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Now we will discuss holsters, which can be an overwhelming topic. There are a few different broad types, such as OWB-outside the waistband, IWB-inside the waistband, thigh/drop holsters, shoulder, ankle, pocket, and bag/purse holsters. Each one of these broad has their own sub-categories, and like the belts they have their own purpose-driven design. There are several levels of retention, the most common are Level 0-no retention, I-friction, II-Lock or strap, III-lock and strap/hood.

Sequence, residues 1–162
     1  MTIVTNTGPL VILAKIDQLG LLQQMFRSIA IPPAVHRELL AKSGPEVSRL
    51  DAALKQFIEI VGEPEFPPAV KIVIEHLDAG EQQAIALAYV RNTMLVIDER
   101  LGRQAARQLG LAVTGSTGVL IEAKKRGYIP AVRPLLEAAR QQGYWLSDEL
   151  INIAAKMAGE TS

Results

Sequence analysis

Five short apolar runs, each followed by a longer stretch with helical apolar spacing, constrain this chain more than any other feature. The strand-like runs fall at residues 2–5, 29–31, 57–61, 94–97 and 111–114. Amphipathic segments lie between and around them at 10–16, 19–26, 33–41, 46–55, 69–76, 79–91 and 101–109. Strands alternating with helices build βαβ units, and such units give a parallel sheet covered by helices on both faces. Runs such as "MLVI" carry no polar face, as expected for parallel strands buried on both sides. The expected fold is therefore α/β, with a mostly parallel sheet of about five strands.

We will start with the OTW as this category is the most commonly used and come in Level 0 to III. This category covers all belt mounted holsters [and can be considered to include thigh/drop holsters]. With belt mounted holsters they may be used for open carry or lower profile models you may be able to conceal carry. This is also the category Duty Holsters fall under. For Duty Holsters, the best I have found, are the “ALS” Safariland models which can be Level II or III; ALS is their Auto-Locking-System which uses a thumb lever that locks into the breach of the slide. I have used an ALS model for a Duty Holster while working Police Patrol, and I have also used another ALS for my off-duty personal pistol during advanced Raven One-Five courses such as Combat Pistol. The benefit of the larger Duty Holster also gives the user the benefit of not having to look to re-holster due to the large mouth of the holster, whereas most other holsters we will discuss require a quick visual check to re-holster safely. This category also includes belt mounted Kydex holsters such as those made by Bravo Concealment or Black Point Tactical [they also make IWB options]. I have both BC and BPT holsters and really like both companies’ products. I am currently using the BPT holster for my EDC/CCW due to their leather wing design which allows the holster to mold and bend around my hip better, but I still use my BC holster for bag holstering and firearms storage when not on my belt. This category also has “cross draw” options, I advise against these holsters because drawing across your body takes longer, and you almost always run the risk of flagging someone.